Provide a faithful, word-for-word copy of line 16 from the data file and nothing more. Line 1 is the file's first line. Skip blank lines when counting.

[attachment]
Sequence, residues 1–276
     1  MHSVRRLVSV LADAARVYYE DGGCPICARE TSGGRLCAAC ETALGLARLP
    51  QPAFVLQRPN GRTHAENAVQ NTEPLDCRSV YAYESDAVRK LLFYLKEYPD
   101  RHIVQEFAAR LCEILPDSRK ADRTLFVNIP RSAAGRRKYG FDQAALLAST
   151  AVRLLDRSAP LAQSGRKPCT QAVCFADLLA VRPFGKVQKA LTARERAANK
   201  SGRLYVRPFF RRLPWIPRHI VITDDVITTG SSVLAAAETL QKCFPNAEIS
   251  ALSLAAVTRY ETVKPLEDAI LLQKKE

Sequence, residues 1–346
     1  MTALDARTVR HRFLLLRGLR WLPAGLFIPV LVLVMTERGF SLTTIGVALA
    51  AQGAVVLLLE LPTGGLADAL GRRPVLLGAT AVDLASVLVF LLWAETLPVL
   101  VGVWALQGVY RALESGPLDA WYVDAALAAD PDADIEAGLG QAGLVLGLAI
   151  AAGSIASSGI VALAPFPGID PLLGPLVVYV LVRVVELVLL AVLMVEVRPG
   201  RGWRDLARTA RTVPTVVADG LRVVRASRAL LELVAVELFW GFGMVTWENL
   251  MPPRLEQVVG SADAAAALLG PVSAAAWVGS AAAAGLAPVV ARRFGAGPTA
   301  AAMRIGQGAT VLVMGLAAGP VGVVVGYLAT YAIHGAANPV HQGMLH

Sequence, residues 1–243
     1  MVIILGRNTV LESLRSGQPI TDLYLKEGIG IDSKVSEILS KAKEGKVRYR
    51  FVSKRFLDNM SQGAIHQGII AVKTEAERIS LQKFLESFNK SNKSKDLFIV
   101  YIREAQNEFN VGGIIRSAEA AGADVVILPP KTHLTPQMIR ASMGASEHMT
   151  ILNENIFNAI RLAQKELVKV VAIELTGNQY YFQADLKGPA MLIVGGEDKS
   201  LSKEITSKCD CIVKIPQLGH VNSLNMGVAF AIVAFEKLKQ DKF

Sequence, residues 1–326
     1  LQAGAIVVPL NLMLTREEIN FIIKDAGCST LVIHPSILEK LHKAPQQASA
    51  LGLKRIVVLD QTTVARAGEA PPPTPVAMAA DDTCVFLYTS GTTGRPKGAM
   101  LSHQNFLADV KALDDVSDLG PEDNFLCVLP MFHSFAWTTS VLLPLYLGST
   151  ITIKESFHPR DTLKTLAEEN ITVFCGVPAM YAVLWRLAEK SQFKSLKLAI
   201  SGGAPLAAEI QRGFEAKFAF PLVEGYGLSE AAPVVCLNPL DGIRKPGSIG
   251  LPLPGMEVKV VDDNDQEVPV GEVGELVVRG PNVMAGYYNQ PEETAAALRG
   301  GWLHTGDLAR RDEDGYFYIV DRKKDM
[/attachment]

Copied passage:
Sequence, residues 1–243